Warnings of War and Cautions of Crisis: The Swedish Defense Pamphlet and What It Means For the People of Sweden and the Rest of Europe
By Bharat Sanka
On May 21st, 2018, deep within the Swedish countryside, the town of Mariefred wakes up to a new day, except this day is no ordinary day, as each and every family in the little town received a pamphlet, titled, “Om Krisen Eller Kriget Kommer” or “If Crisis or War Comes”. This 20 page pamphlet details specifically what to do and how to find help in a crisis, these crises range from terrorism to cyberattacks, and climate change to even the dangers of fake news. It’s littered with warning phrases and rousing calls like, “Sweden wants to defend itself, is able to defend itself and will defend itself! - We never give up!” or “Every statement that the resistance has ceased is FALSE!.” Both the people of Sweden and foreign onlookers are shaken as the distribution of these pamphlets marks the end of Sweden’s long standing policy of neutrality in the face of war.
Sweden, now finds it urgent to warn its people, to prepare for any conflict or crisis the country may face in the near future. The last time the Swedish government issued such a pamphlet, the threat of World War 2, the bloodiest war in history, was looming over the country. This new pamphlet, issued by the Swedish Civil Contingencies, reveals that Europe’s political situation may not be as stable as it seems. With the release of these pamphlets, new questions are bubbling up to the surface, such as: why the Swedish government finds it necessary to prepare their citizens for incoming threats and what does this reveal about the political state of Europe?
Sweden has always had a complex relationship with the idea of taking military action, due to their continual desire to not partake in military action. In 2015, however, the Swedish parliament passed a new defense bill that increased spending on the military and brought back the policy of Total Defense Planning. The Total Defense policy was enacted during the cold war when Sweden was one of the most militarized states in Europe, the actual policy describes the integration of security and military practices into each and every part of Swedish society. Changing the social aspect of Sweden, turning from neutral to militaristic will be hard, but just last fall, Sweden joined other NATO powers in holding massive military collaboration in Gotland, a large island off the coast of Sweden. Additionally, the government brought back military conscription and increased the military budget last year. The introduction of these defensive policies is surprising but they all tie back to one influence: Russian aggression.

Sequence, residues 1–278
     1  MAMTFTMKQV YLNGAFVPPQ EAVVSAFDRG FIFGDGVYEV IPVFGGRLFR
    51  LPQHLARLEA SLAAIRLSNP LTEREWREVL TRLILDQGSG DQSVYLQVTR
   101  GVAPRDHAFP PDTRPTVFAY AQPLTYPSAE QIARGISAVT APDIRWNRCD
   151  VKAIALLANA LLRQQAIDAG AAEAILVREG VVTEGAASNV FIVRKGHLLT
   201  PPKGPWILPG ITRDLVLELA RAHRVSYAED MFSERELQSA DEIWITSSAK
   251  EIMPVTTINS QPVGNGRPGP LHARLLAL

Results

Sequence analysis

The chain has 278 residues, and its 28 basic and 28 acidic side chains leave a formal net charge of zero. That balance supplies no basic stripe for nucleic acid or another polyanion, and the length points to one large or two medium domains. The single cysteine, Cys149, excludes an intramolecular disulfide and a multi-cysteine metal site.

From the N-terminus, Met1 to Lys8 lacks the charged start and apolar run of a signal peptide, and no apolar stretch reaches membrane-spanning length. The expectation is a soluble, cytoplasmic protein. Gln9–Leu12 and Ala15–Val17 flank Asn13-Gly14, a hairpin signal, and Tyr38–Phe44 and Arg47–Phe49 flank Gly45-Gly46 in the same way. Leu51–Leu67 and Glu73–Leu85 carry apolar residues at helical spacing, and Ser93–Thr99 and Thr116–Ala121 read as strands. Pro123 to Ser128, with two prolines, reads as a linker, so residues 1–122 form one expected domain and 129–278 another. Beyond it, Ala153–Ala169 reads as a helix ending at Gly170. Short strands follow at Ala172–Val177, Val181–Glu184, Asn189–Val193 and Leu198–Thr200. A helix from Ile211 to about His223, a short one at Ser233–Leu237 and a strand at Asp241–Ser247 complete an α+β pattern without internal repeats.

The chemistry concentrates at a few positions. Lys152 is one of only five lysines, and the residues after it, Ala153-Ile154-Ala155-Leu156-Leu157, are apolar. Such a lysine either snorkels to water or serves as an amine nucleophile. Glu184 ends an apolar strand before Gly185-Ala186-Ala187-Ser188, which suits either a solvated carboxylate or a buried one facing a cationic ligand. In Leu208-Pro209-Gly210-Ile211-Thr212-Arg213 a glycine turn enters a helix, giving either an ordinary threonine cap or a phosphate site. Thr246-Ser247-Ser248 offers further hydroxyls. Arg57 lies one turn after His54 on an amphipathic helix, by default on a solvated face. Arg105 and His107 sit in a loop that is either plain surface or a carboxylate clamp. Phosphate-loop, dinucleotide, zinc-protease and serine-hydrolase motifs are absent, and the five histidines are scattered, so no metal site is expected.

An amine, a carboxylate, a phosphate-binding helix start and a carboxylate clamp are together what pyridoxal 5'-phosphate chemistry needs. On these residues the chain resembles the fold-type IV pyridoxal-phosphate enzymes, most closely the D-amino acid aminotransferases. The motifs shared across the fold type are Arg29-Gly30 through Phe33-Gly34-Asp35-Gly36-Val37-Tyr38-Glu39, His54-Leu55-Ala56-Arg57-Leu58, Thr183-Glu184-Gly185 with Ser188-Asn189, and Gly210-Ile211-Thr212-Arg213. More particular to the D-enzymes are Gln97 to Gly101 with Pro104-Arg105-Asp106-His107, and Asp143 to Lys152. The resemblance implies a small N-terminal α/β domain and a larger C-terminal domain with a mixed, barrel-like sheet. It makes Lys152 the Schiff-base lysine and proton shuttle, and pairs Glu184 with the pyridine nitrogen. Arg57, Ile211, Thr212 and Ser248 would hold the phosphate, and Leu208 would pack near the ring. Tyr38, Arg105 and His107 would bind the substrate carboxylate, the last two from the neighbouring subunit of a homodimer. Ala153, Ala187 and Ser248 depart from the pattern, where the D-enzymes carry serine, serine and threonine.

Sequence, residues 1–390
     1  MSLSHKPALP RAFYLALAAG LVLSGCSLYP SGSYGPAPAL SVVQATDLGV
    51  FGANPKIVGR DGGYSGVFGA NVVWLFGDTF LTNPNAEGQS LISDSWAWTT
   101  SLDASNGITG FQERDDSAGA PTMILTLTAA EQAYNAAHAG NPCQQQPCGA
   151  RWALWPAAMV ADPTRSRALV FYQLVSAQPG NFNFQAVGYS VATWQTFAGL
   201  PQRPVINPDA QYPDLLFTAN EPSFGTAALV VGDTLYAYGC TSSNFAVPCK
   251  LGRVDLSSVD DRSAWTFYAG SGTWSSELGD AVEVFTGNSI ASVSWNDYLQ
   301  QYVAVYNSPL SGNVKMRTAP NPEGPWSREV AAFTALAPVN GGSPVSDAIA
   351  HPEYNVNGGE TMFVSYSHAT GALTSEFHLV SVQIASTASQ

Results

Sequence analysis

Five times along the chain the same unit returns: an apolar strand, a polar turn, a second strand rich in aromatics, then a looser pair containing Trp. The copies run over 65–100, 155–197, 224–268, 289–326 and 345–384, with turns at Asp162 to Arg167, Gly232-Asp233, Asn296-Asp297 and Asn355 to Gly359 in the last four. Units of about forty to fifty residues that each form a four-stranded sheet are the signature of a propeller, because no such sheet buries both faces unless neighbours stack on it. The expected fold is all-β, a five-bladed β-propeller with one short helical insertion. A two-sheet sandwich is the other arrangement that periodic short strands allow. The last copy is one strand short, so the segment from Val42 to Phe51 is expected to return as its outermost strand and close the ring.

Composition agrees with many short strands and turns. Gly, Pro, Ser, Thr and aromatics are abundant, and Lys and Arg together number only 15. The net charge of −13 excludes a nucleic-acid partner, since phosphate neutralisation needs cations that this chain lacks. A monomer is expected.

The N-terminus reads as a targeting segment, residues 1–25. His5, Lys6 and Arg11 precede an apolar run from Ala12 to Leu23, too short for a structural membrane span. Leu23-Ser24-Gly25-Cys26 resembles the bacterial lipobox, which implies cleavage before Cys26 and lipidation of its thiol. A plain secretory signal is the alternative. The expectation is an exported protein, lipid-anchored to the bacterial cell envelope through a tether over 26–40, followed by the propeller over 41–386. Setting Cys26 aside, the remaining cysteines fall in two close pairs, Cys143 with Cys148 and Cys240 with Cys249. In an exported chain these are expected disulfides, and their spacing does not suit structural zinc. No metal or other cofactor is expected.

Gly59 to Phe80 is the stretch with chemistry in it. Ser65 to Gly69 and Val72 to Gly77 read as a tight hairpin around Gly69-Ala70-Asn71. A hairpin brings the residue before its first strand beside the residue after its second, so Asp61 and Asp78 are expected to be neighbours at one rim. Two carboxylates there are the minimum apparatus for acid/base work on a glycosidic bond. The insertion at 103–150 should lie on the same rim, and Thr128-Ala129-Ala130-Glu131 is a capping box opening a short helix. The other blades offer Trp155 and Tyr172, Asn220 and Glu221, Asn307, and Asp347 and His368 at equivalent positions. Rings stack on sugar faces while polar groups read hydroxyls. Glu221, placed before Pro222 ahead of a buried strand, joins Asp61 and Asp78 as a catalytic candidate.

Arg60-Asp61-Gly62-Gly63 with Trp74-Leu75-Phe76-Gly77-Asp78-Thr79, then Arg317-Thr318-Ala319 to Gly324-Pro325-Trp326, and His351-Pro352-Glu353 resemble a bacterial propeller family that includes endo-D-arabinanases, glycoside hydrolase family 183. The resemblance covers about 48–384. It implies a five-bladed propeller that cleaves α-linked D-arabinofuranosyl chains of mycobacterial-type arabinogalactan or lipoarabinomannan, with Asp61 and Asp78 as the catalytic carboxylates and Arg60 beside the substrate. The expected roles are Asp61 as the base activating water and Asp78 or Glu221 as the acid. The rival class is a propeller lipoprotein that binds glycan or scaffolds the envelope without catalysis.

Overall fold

Russian provocation in Ukraine, annexation of Crimea, and actions near the Baltic states have sparked a new environment of disunity in the northern part of Europe. Russia has taken over parts of Ukraine and is backing Ukrainian separatists, this intervention has prompted Sweden to ramp up its military spending, in order to protect its citizens. Sweden wants to ensure their people’s protection if Sweden ever falls under attack from Russia. Additionally, Russia has also held many military demonstrations across the Baltic states, dramatically heightening tensions across Europe with their purely militaristic agenda. This turbulence is derived from Russian aggression in the Baltic States and Northern Europe, which reveals an underlying sense of instability in Scandinavia and the rest of Europe.
Sweden also has other reasons to caution it’s citizens. Problems like terrorism, fake news, and environmental concerns have recently been on the rise in Sweden. Last April, five people died in Stockholm when a driver rammed his truck into a convenience store. Since then, terrorism has risen to the top of the Swedish agenda. The distribution of these pamphlets exhibit how Sweden is trying to crack down on terrorism, while also preparing its people for other disasters. Surprisingly, these pamphlets also show how to recognize and deal with fake news and cyberattacks, displaying that the Swedish government, with the rise of the internet, is taking fake news and cyberattacks now more seriously than ever. Sweden, in the past, has cared a lot about its own environment and Christina Anderson of the Swedish Civil Contingency Agency explained that, “It is much more likely that we have a storm, or flooding, than a military attack”. Environmental disasters is still high on the agenda for Sweden and its government finds it imperative to account for and prepare its citizens for any environmental disaster that may come Sweden’s way.
The threats of Russia, terrorism, and fake news are all valid reasons for a government to prepare its people for crises, but Sweden is not just any other government. The Swedish government has been reluctant to take military action before, but recent events seem to be changing that narrative, so what has forced this change in narrative? Europe has been defined as a place of freedom, peace and opportunity. The EU has allowed many European economies to flourish and succeed. Unfortunately, underneath all that stability and economic prosperity, tension seems to be rising. Events like Brexit and increased Russian aggression have put a lot of countries on high alert. The Swedish defense pamphlet is just a symptom of the discord that is beginning to plague the nation.
The Swedish defense pamphlet reveals that change is coming for both the Swedish government and the rest of Europe. As instability, chaos, and tension grows within Europe, the narrative of Swedish foreign and defence policy will continue to shift towards more militaristic tendencies and recourse. The very nature of Sweden has begun to adapt to the new atmosphere surrounding Europe. The Swedish defense pamphlet is just the beginning.